The series, whose intent seems to be to raise questions about the "special favors" religious organizations are getting from government, purports to look at both sides of the issue, but Rick Garnett is, I think, right when he observes:
It strikes me that, in these first two pieces, there is inadequate attention paid to the distinction between accommodations and exemptions that are thought to be, or that could plausibly be said to be, required by the relevant constitutional text, structure, and history, on the one hand, and -- on the other -- those exemptions that are the permissible, but not required, result of legislative decisions to accommodate.
The first two installments, though, leave me with a sense of "they just don’t get it" unease. The storyline owes too much, so far, to the "religion is getting special treatment and is treating people unfairly" narrative, and not enough to the "religious organizations are not the state, and -- if we take religious liberty and limited government seriously -- must have the freedom to organize themselves, select ministers, etc., without being second-guessed by government" account.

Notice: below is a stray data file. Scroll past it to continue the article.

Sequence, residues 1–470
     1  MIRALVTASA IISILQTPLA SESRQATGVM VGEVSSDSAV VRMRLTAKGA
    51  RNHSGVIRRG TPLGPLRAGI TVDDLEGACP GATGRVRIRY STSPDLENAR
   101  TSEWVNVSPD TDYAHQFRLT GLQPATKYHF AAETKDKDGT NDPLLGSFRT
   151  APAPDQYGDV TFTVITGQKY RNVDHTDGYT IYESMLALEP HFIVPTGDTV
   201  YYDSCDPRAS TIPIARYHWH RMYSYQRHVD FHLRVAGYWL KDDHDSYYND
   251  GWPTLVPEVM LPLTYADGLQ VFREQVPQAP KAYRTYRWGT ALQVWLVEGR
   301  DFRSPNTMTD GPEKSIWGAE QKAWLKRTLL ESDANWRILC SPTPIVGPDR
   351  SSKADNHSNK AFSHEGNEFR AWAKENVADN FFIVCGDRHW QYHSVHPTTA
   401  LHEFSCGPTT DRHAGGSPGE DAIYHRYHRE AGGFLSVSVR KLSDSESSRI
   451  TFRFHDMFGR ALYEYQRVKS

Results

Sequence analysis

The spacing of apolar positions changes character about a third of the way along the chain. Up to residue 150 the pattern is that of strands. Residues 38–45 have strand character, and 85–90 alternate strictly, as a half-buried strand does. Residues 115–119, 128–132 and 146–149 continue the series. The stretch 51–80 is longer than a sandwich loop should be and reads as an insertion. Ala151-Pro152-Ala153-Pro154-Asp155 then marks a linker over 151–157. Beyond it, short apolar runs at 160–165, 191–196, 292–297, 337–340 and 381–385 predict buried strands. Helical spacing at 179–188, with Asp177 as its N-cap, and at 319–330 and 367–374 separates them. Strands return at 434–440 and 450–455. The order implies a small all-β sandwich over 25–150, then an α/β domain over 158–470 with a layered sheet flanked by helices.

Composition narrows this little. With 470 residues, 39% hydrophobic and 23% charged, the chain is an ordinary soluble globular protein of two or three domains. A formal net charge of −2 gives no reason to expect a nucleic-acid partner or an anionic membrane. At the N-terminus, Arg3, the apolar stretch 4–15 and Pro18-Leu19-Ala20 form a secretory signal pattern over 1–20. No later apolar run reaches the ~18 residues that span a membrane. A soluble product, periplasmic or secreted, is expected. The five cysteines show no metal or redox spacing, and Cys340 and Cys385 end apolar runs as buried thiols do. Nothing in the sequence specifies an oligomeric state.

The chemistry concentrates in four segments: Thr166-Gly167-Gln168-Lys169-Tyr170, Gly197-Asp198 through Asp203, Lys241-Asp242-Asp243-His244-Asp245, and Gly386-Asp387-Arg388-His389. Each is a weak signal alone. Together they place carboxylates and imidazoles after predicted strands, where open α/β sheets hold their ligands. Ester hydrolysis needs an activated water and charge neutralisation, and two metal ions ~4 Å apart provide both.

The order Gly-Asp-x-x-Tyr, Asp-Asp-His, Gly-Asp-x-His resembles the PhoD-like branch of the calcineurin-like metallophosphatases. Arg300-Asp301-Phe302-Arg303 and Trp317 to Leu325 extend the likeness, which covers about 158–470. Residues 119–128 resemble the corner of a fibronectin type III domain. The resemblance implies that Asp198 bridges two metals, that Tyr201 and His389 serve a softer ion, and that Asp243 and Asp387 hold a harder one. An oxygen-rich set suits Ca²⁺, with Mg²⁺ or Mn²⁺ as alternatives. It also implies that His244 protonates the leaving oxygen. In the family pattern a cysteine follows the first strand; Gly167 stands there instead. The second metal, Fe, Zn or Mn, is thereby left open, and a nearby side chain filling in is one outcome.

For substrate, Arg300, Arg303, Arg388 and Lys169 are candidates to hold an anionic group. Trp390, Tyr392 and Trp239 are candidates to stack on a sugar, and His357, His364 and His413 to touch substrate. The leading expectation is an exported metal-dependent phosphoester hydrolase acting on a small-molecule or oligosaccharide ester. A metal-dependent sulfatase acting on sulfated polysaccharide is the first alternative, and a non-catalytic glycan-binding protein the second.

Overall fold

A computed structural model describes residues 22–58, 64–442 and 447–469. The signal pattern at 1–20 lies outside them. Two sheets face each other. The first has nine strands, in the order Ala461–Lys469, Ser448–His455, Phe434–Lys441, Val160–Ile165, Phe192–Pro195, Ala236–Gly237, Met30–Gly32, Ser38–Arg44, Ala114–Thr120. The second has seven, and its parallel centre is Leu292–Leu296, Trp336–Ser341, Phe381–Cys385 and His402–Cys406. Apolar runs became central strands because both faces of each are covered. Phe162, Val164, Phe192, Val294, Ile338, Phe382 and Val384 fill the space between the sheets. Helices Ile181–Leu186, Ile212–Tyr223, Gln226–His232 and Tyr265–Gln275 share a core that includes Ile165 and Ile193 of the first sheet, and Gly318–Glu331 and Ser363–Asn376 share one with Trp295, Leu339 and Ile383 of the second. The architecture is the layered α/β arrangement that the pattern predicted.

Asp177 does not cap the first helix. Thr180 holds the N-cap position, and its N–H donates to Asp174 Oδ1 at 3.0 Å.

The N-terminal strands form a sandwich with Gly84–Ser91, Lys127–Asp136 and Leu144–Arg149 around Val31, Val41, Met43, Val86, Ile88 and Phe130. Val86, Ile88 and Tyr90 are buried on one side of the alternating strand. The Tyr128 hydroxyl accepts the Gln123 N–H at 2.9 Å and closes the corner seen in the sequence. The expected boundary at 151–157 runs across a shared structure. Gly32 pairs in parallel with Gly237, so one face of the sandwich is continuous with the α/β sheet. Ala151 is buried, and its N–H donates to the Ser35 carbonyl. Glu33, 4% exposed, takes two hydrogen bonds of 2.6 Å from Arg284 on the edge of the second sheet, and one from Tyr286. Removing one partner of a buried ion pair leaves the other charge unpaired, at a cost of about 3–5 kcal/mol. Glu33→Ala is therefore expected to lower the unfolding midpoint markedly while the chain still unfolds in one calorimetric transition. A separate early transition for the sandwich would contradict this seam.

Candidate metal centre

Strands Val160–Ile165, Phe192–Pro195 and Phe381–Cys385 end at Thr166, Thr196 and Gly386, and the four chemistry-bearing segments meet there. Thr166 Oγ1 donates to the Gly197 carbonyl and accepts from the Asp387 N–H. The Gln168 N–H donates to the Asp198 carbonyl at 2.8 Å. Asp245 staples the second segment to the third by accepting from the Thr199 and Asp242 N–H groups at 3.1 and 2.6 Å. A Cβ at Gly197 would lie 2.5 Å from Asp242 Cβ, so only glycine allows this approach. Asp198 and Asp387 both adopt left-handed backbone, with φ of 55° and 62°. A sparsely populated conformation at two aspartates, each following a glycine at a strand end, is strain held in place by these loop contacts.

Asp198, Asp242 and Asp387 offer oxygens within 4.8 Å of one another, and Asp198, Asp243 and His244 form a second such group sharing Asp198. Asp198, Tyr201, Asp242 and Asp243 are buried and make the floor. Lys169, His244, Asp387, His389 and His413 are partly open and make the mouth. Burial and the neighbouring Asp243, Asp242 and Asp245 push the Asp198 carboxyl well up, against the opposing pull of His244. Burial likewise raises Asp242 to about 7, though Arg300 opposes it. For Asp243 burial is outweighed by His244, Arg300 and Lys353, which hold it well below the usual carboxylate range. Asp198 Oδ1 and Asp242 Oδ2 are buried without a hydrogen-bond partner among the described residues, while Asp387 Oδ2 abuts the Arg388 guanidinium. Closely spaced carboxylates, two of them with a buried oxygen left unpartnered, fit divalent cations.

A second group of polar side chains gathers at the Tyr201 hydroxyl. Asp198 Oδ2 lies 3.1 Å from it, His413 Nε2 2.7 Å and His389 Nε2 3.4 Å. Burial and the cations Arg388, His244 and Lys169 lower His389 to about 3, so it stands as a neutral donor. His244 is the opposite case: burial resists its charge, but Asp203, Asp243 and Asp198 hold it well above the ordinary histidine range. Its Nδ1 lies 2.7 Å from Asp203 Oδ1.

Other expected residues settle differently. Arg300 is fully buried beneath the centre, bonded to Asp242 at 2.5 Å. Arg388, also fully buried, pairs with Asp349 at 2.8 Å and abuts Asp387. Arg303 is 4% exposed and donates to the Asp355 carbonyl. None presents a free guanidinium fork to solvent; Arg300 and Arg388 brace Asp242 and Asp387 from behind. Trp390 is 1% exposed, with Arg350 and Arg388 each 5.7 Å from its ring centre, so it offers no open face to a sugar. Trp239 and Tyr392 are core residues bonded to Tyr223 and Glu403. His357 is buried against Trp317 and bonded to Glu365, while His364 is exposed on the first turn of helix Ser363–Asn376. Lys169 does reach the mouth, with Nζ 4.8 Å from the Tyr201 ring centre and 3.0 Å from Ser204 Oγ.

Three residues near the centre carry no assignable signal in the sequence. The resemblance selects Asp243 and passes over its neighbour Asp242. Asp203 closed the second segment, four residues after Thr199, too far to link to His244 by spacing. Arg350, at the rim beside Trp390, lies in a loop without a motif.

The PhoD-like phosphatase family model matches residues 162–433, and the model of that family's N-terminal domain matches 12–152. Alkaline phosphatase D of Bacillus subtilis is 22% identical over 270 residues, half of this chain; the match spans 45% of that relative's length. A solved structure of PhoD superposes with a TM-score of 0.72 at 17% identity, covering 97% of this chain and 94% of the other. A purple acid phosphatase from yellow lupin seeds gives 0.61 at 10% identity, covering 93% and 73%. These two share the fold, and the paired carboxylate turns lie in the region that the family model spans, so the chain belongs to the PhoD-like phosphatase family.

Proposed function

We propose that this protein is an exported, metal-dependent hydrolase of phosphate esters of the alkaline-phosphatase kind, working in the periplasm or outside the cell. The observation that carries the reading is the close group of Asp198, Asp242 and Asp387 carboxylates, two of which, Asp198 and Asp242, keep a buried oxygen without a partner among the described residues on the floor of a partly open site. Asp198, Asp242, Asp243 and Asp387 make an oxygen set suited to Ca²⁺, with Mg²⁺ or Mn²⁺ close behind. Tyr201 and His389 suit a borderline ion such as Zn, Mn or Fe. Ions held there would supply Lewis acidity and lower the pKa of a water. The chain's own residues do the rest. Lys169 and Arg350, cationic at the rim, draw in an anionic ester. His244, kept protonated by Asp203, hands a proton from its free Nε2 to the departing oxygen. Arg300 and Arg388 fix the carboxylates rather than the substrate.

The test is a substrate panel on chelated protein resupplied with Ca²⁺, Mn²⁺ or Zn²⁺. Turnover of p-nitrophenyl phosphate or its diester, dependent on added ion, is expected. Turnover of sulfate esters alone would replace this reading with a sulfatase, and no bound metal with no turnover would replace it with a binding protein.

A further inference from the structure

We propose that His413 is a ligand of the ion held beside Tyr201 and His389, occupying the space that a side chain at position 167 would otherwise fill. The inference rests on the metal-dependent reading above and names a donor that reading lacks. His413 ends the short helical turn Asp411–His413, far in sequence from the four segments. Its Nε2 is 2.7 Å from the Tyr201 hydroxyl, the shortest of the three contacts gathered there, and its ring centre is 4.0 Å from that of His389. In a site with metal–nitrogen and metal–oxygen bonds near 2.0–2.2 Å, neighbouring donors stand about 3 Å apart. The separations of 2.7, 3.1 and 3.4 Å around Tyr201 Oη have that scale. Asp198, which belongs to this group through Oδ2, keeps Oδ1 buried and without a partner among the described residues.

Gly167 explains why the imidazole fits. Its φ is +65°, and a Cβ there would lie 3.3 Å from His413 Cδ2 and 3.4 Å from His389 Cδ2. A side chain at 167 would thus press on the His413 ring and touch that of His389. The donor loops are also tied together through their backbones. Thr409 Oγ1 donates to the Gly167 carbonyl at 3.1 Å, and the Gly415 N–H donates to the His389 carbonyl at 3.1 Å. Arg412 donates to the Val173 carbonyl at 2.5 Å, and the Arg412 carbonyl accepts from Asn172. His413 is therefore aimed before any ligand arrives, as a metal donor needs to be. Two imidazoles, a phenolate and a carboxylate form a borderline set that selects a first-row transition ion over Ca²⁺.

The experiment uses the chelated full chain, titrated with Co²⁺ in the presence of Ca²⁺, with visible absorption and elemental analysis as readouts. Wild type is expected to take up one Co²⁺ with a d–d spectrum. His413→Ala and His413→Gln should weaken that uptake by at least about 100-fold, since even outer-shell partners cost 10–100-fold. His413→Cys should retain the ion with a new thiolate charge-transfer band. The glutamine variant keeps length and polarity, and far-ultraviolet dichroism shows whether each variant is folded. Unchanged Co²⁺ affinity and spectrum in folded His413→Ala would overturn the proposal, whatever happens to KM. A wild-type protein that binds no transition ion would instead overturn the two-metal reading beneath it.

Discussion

The NYT reporter notes in today’s story that religious groups are expanding their missions to include retirement communities, gymnasia, bookstores, and even theme parks, raising the question if these activities are authentically religious. Interesting: she wouldn’t be likely to raise an analogous question if the state were undertaking them. We don’t worry about the limits of the state. But the more religious organizations (and other non-profits, which often also receive the benefits she describes) do, the less the state "has to do." A good thing, no?